The opinion of the court was delivered by: Garaufis, District Judge.
This court is currently conducting voir dire in a case in which the Government seeks the death penalty against Ronell Wilson ("Wilson"). Before the court are Wilson's motions to have Jurors 244 and 254 excluded for cause and the Government's motion to have Juror 227 excluded for cause. The factual background and much of the legal background applicable to these motions were set forth in this court's Orders dated October 20, October 23, and November 5, 2006.
For the reasons set forth below, Wilson's motions are GRANTED with respect to Juror 254 and DENIED with respect to Jurors 244 and the Government's motion is GRANTED. Juror 244 is therefore qualified to serve and Jurors 227 and 254 are excluded for cause.
Wilson moved to have Juror 244 excluded for cause on the ground that he is not life qualified. That motion is denied.
This juror does not present a close call. He stated unambiguously that he would consider the death penalty only if presented with "the worst of the worst, meaning the worst crime, the worst criminal." (Tr. at 1896.) He then stated that he would "absolutely" consider both potential penalties and that he was "open to the possibility of voting for a sentence of life imprisonment without the possibility of release instead of the death penalty for a person found guilty of intentionally murdering two police officers." (Id. at 1896-97.) These statements are consistent with other statements he made at voir dire. (See, e.g., id. at 1900, 1901.)
In arguing that this juror is not life qualified, Wilson first asserts that the juror would automatically impose the death penalty upon any defendant found guilty of murder. (Id. at 1906.) That assertion simply lacks a basis in the record. Wilson next argues that this juror would be unwilling to consider evidence about Wilson's background in the penalty phase of this trial, if any. (Id.) It is true that this juror stated that the defendant's background "probably wouldn't have any consideration" when I asked him, in the absence of legal instruction, what kind of background evidence would be relevant to him in the penalty phase. (Id. at 1898.) I then, however, told this juror that he must consider certain factors during the penalty phase pursuant to my instructions, and he indicated unambiguously that he would meaningfully consider those factors:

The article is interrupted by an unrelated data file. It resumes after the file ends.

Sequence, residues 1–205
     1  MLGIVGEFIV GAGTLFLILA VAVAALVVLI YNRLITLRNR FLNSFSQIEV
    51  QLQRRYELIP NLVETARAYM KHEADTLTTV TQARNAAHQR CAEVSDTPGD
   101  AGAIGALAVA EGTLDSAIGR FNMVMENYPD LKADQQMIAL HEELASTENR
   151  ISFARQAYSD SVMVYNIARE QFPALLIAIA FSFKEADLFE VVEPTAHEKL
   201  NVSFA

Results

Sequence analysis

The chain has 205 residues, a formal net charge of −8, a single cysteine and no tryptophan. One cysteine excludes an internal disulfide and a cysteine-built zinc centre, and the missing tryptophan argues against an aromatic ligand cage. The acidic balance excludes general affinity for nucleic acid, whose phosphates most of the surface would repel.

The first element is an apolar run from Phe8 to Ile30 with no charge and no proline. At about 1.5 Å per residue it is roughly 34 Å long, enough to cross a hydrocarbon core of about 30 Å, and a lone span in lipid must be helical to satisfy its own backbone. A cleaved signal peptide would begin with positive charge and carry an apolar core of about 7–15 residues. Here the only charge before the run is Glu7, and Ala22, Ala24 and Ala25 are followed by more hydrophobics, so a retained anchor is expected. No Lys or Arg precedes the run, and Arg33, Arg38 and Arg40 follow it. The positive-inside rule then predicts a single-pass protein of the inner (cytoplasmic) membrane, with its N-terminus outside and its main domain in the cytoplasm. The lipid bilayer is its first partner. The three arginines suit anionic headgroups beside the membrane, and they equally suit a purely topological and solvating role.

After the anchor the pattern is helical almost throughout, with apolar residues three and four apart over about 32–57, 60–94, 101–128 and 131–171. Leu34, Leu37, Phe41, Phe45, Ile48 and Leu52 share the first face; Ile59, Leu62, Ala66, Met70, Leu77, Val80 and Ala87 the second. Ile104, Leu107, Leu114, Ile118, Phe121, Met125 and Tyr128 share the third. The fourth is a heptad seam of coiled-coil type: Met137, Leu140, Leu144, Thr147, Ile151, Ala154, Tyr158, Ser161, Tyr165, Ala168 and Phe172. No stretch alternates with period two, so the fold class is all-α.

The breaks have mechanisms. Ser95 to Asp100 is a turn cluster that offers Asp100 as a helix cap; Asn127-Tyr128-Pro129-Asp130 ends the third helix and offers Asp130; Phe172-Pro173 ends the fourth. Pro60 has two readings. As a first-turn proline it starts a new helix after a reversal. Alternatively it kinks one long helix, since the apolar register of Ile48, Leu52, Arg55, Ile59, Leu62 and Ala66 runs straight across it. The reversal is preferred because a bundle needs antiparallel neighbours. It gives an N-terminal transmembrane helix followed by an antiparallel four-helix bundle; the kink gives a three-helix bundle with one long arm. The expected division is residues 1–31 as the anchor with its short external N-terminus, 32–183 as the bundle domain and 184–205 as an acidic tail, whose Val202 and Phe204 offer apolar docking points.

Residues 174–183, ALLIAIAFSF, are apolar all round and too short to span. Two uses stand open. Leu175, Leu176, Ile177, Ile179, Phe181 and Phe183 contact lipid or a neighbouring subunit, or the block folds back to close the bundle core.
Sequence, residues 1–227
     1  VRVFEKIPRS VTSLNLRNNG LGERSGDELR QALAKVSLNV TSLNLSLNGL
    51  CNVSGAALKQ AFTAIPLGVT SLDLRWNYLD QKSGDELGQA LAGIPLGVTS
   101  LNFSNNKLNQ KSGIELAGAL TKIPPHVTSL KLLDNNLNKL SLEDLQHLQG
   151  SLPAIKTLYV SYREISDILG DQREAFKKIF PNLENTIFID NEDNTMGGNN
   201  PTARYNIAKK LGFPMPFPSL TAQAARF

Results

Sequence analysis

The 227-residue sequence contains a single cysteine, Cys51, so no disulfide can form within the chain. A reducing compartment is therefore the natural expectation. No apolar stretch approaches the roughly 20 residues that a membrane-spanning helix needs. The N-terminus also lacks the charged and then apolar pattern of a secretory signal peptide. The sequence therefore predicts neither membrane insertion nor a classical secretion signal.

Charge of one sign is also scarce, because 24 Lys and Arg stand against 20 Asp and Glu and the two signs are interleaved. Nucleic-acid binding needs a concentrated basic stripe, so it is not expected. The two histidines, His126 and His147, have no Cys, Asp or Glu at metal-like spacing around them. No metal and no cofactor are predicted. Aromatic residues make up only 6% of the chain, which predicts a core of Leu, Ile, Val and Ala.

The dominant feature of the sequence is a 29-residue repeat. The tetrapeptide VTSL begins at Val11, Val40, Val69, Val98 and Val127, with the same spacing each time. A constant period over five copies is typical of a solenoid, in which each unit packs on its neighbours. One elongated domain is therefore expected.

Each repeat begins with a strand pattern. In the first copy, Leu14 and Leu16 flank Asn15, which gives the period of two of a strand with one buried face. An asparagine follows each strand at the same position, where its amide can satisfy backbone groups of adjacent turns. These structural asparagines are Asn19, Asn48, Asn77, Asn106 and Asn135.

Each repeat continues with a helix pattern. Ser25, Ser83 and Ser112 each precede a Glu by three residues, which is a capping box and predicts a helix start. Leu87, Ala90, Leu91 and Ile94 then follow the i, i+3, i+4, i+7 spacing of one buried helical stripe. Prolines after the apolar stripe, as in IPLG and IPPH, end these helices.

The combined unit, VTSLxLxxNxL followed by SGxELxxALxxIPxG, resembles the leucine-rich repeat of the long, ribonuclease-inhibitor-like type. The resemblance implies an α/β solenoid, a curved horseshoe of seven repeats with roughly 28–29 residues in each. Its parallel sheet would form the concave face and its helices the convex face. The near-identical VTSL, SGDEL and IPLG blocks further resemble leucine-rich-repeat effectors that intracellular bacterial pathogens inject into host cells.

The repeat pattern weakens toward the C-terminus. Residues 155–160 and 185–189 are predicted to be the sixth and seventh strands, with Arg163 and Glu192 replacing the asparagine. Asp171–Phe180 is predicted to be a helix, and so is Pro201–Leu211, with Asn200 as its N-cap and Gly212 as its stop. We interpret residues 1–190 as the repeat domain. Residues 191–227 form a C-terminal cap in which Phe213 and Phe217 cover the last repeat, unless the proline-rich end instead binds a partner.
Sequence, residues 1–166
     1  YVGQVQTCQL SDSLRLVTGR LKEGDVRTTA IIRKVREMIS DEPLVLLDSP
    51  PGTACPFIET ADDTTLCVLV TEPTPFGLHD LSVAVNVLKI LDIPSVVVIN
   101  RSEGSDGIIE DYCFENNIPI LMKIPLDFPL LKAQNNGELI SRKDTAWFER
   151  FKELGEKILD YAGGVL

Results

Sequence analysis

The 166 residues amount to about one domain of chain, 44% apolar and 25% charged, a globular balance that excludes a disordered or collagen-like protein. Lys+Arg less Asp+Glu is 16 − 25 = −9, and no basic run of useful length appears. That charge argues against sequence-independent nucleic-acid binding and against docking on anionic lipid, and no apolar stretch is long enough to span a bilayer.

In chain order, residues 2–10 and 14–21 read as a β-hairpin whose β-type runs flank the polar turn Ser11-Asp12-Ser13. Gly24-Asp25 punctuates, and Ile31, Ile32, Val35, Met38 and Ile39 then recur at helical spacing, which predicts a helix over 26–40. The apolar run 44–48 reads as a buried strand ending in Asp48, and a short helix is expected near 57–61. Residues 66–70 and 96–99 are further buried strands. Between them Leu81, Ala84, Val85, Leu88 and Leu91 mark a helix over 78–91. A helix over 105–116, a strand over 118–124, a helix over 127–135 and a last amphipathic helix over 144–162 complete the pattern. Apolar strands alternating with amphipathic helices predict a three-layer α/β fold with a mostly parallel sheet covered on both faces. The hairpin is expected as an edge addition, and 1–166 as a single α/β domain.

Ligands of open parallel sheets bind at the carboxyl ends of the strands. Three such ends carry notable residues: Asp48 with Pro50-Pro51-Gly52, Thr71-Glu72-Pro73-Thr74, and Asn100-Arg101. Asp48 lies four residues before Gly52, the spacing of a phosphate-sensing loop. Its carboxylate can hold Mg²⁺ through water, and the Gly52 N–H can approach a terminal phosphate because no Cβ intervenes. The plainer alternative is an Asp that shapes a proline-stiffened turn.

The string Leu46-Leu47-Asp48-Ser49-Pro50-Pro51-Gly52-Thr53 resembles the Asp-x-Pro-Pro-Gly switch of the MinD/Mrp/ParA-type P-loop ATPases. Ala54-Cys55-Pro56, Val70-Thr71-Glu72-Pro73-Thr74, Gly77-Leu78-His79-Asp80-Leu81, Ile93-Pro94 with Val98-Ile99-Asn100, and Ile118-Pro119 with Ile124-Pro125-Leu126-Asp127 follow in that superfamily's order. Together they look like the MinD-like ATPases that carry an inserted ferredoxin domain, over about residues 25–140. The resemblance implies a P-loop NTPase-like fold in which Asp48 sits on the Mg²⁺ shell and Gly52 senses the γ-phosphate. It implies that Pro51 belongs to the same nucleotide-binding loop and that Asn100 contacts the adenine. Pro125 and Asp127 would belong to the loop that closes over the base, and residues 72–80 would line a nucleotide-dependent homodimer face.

Q: If you're sitting on the sentencing part of the trial and there's evidence presented about the background of the defendant and the background of the case, I'm going to instruct you that you need to consider certain factors during the sentencing portion of the case, before you make a decision on the penalty[.] . . . Can you do that?
A: Absolutely. I mean, I would listen to his previous background[.] I wouldn't just flat out say yes, I recommend the death penalty. No, that's not what I would do.
(Id. at 1904.) This answer is consistent with the juror's other unequivocal answers to the effect that he would follow the law and the court's instructions. This juror's statements leave no room for Wilson to argue that this is "[a] juror who will automatically vote for the death penalty in every case [and] will fail in good faith to consider the evidence of aggravating and mitigating circumstances as the instructions require him to." Morgan v. Illinois, 504 U.S. 719, 729 (1992). Juror 244 is therefore qualified. Wilson's motion to have him excluded for cause is denied.
Wilson moved to have Juror 254 excluded for cause on the theory that during the penalty phase, if any, he would consider mitigation evidence offered by Wilson to be aggravating. (Def. Challenge Juror 254 at 2.) Wilson correctly notes that treating mitigation evidence as aggravating is impermissible under both the applicable statutory scheme and Supreme Court case law. (See id. (citing 18 U.S.C. § 3592(a)(8) and Zant v. Stephens, 462 U.S. 862, 885 (1983)).) Because I find a strong possibility that this juror would behave as Wilson predicts, I grant Wilson's motion.
In his questionnaire, this juror wrote that the death penalty "can and should be applied to the most severe crimes. If a person murders and is 'insane' (legally) then [the death penalty] should still apply. We don't need vicious murderers or insane murderers." (Answer to Question 58(a).) In order to clarify what this juror meant, I questioned him extensively at voir dire about this statement. I found his answers unsatisfying, such that ...